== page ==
A condom that is made with grass and is as thin as human hair could potentially make safe sex the best sex.

Researchers led by professor Darren Martin at University of Queensland’s Australian Institute for Bioengineering and Nanotechnology extracted nanocellulose — a light, solid substance — from native spinifex grass and used it as an additive in latex. They found the spinifex nanocellulose significantly improved the physical properties of the latex. This “grass” condom is thinner, stronger, and more flexible than the standard.

To get the spinifex, the team worked in partnership with the Indjalandji-Dhidhanu People, the Aboriginal traditional owners of the Camooweal region in north-west Queensland. These indigenous communities make a variety of products from the grass, which has been traditionally used as an effective adhesive to attach spear heads to their wooden shafts.

Standard condoms from brands such as Kimono, Trojan, Lifestyles, Durex, and Crown have a latex thickness ranging from 0.049 millimeters to 0.121 millimeters. Martin hopes to eventually engineer the grass condom to be about 30 percent thinner while still meeting all condom industry standards.

The researchers tested their latex formula on a commercial dipping line in the United States and conducted a burst test that inflated the condoms and measured how much volume and pressure they could take. On average, the condoms got a performance increase of 20 percent in pressure and 40 percent in volume compared to the commercial latex control sample, according to the press release.

"The great thing about our nanocellulose is that it's a flexible nano-additive, so we can make a stronger and thinner membrane that is supple and flexible, which is the holy grail for natural rubber," said Martin, in the press release.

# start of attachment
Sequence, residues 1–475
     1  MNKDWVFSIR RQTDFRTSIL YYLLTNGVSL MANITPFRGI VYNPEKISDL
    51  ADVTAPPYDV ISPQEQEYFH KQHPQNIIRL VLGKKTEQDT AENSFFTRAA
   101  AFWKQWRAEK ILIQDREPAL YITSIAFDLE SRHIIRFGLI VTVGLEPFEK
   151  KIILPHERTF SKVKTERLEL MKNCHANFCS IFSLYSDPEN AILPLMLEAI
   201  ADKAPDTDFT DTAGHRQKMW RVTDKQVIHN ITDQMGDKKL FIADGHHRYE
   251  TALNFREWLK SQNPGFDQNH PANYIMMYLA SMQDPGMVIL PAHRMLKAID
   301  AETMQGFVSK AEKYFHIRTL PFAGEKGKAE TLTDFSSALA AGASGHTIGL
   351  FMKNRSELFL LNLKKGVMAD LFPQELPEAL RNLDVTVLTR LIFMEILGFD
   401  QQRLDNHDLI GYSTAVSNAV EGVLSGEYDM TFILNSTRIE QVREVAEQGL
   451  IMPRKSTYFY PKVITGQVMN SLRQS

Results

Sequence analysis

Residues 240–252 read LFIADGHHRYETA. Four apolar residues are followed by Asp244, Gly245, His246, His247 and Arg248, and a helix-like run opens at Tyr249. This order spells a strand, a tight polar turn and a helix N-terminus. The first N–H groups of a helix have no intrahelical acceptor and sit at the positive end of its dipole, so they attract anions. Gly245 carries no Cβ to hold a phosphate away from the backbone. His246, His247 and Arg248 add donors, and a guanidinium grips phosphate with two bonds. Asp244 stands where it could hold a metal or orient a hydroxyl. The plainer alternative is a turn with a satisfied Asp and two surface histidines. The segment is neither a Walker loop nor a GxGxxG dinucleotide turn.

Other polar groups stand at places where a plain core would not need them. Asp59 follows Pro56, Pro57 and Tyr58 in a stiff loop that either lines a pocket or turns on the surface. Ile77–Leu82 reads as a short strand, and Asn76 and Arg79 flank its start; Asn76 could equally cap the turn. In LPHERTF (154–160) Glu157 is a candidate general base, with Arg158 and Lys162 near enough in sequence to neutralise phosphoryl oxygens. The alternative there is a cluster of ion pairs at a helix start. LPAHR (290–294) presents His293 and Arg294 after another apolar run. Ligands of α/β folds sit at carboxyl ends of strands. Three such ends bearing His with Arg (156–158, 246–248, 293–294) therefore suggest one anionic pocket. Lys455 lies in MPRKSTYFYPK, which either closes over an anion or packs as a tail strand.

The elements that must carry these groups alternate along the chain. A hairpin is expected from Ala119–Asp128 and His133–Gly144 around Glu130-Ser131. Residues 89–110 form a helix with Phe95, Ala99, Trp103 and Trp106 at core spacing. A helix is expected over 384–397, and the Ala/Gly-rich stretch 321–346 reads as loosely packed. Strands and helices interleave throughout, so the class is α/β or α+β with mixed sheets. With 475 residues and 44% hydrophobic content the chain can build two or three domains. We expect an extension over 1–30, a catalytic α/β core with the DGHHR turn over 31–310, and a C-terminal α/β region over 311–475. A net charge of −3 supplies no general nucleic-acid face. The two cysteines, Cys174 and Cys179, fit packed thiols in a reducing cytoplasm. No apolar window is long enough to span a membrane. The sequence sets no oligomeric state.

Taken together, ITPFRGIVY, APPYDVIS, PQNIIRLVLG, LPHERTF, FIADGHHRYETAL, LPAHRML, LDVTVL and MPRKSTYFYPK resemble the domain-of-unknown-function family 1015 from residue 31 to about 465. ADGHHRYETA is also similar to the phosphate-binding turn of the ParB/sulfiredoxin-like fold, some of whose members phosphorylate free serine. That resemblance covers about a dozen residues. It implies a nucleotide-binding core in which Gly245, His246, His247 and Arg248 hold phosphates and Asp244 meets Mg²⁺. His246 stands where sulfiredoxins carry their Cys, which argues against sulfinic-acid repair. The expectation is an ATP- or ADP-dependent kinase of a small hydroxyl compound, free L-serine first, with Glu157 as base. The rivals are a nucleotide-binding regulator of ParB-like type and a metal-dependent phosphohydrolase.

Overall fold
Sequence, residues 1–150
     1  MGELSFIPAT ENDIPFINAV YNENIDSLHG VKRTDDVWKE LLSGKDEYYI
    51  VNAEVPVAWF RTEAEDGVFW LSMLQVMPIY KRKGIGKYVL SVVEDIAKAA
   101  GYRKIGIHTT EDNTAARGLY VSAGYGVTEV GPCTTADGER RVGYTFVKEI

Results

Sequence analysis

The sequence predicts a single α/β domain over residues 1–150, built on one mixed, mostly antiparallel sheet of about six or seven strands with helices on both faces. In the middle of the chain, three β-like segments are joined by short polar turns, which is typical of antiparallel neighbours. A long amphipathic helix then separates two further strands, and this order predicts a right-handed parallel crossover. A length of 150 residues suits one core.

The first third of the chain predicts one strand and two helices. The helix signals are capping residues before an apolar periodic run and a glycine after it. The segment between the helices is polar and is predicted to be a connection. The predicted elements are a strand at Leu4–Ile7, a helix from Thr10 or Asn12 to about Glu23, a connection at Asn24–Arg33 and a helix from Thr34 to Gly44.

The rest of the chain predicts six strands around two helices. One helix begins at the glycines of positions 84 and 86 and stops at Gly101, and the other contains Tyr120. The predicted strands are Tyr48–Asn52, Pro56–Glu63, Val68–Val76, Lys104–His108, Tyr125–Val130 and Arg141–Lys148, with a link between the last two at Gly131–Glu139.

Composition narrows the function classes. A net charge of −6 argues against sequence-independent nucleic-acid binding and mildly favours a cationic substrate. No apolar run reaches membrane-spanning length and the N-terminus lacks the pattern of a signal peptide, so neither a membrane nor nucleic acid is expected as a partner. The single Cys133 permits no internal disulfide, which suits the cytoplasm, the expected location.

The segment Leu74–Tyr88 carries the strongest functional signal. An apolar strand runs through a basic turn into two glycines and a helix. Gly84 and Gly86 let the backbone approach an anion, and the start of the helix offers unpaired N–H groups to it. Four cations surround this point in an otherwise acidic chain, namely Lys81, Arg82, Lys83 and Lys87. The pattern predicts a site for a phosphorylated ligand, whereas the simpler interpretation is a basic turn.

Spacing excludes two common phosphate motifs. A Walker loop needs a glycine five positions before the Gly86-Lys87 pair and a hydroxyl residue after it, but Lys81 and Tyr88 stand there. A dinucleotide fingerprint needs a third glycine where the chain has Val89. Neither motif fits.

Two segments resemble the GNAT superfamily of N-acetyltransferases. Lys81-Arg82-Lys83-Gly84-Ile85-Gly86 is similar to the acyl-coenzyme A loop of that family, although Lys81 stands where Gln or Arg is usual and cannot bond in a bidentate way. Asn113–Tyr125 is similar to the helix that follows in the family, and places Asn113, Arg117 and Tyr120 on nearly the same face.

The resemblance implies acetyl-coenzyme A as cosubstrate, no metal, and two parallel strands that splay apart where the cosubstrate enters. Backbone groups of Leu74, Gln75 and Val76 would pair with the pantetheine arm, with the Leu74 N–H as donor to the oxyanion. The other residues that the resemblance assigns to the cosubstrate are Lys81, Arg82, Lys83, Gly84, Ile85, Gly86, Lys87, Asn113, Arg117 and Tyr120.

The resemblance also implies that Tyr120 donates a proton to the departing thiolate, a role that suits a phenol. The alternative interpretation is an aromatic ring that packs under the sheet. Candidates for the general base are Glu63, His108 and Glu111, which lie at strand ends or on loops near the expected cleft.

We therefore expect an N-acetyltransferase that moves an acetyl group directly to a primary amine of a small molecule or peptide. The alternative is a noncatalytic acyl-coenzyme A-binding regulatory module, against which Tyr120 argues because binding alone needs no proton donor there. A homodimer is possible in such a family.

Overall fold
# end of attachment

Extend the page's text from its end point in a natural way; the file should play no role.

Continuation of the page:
The use of nanotechnology for latex condom production could possibly lead to a drop in condom prices. Nanocellulose from spinifex grass would lead to less latex use, which means the material cost in production would drop. This would be a good for manufacturers and could eventually translate to lower condom costs.

The release of this condom could also make a difference in the fight against sexual-health related diseases. The ultra-thin material and budget- friendly option could further encourage condom use and prevent the spread of diseases such as HIV and AIDS. Condom use among adults tends to be scarce because it’s seen as less pleasurable, although sexually transmitted infections can affect anyone at any age.

A 2010 study found condom use declines with age, with adults over 40 having the strongest aversion to condoms. More than 90 percent of men over 50 reported not using a condom when they last had sex with a date or casual acquaintance, and 70 percent didn’t do so when they had sex with a stranger. Among women over 50, a majority also reported having sex without a condom.

The use of nanotechnology in condom production could make sex pleasurable for both him and her. In 2012, researchers from the University of Washington developed a versatile material that could simultaneously offer contraception and prevent HIV. The material is made from a liquid combination of polymers and drugs via electrospinning — spinning nanometer size fibers using an electric field.

This produced a very fine, stretchy, and dissolvable fabric that can be inserted into a woman's body to provide protection against pregnancy and sexually transmitted diseases. The two types of fabrics included one that provides quick contraception and then breaks down within minutes, and another that dissolves over a period of days, providing sustained drug delivery. The researchers suggest the different fibers could be combined with a variety of drugs to offer more protection.

Nanotechnology could potentially increase the use of condoms in the future.